Accessory Dwelling Units (ADUs) were the topic of the first Land Use Sub Committee meeting that was held on October 29. The Sub Committee was formed at the 8.20.19 meeting for the purpose of providing feedback to staff in a less formal environment to assist in drafting policy and to give feedback to developers interested in projects within the city. Myself and Mayor Catalano serve on the sub committee along with the Chair and Vice Chair of the Planning Commission.
Here is what we learned:
In 2019, AB 881, SB 13, and AB 68 were passed. These three laws significantly change the ADU environment:
- AB 881 prohibits minimum lot size for ADUs, makes maximum side and rear setback requirements four feet, and limits reasons for restricting ADUs to only adequacy of water and sewer services and traffic flow. It also voids any parking requirement for ADUs if located within 1/2 mile of public transit like a bus stop.
- SB 13 prohibits any maximum size on ADUs less than 850 sqft, or 1,000 sqft if the ADU has more than one bedroom. No limits are allowed based on lot coverage, floor are ratio, open space, etc. if they would prohibit at least an 800 sqft ADU that is at least 16 feet tall with 4 feet setbacks. This bill also allows for 5 year delay of fixing code violations as long as the violation is not jeopardizing health and safety.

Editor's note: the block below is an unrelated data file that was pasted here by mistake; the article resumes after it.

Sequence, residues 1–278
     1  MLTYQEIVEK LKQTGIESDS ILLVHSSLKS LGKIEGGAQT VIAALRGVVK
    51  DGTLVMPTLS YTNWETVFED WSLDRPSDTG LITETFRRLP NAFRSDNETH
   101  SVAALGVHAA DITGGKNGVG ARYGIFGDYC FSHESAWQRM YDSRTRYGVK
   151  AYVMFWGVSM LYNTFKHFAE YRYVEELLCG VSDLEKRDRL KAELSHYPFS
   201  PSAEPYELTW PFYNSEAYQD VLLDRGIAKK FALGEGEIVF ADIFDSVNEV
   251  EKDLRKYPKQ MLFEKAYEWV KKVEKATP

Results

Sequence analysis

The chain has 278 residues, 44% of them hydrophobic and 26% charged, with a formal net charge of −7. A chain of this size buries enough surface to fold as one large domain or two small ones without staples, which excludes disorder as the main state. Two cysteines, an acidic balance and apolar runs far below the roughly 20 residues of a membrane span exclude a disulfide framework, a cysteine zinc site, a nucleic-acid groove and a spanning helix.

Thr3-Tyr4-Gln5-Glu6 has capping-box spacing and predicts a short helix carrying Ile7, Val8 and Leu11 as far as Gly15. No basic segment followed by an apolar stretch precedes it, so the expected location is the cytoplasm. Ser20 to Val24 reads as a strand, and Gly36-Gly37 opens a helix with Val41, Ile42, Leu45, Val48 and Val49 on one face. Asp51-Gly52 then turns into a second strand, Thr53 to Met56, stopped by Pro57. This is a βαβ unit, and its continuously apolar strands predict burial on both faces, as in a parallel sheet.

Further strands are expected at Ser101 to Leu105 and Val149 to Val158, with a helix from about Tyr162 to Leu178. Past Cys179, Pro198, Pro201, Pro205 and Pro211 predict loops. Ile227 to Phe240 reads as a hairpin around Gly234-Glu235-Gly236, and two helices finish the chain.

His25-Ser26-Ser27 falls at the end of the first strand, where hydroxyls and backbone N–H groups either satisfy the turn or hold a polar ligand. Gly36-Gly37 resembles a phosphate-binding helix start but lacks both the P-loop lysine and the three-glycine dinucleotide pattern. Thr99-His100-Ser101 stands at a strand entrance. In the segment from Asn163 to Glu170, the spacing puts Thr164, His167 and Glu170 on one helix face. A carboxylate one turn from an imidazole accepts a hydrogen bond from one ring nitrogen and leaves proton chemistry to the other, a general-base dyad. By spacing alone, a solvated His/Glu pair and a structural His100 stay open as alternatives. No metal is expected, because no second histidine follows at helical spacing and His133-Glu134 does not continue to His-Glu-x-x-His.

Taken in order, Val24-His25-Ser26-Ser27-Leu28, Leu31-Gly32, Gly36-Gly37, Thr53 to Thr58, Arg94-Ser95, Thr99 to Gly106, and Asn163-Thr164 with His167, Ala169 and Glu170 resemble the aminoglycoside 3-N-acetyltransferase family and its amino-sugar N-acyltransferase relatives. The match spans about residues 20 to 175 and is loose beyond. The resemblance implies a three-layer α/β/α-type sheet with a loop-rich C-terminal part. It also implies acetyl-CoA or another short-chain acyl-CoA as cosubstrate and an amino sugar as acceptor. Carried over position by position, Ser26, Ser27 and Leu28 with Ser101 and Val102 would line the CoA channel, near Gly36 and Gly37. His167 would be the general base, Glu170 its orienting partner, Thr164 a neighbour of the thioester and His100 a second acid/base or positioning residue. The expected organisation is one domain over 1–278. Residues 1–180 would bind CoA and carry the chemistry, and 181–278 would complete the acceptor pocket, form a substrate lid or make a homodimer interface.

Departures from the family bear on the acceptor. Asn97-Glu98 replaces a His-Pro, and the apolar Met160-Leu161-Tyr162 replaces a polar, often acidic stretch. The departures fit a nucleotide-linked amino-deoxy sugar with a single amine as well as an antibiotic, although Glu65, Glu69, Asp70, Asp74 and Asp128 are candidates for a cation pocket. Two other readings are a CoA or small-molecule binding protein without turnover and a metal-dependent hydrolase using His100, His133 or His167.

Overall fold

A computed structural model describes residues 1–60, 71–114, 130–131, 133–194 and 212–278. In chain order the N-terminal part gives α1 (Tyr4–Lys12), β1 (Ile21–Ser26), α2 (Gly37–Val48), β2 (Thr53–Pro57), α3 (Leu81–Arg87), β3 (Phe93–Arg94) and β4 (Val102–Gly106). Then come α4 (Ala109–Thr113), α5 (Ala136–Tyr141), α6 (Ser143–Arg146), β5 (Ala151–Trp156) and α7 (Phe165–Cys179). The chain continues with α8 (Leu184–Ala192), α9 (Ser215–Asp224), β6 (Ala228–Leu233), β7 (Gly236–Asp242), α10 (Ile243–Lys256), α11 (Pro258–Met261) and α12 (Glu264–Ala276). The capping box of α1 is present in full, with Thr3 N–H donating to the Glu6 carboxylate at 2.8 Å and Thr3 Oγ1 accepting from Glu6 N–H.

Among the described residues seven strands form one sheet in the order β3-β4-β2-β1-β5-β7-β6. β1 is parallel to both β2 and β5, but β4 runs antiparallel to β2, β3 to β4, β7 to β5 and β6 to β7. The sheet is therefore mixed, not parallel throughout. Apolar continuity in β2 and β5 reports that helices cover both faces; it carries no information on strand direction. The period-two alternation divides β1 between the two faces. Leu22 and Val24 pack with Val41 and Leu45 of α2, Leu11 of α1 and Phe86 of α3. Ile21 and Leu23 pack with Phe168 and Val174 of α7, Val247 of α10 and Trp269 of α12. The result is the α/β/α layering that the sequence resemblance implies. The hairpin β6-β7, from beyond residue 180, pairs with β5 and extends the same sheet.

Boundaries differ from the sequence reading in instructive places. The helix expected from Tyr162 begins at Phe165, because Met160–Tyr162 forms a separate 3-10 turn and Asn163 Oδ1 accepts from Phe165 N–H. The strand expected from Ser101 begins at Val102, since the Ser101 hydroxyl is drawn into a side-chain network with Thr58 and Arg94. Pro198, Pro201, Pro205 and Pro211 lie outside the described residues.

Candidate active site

- AB 68 allows any place that has one ADU, to have a second junior ADU. This means that every property in CA can now have up to three individual residential units placed upon them, even if they are zoned for single family use.
Together, these bills make it much easier for people to build ADUs. Because ADUs would be authorized in all single family zoning, the effect of these bills is to eliminate single family zoning in all of California. People would be able to build at least two ADUs per lot, as close as 4 feet from the fence line, with a 16 foot tall structure - everywhere.
The city has very limited options in any type of restrictions that apply to ADUs. Clayton could adopt a local ADU ordinance regarding the architectural, landscaping, zoning, and development standards of ADUs. These standards would need to be objective in nature and are subject to review by HCD.
This is another step in the tearing down of local control that folks like State Senator Scott Weiner and State Assemblyman David Chiu continue to push.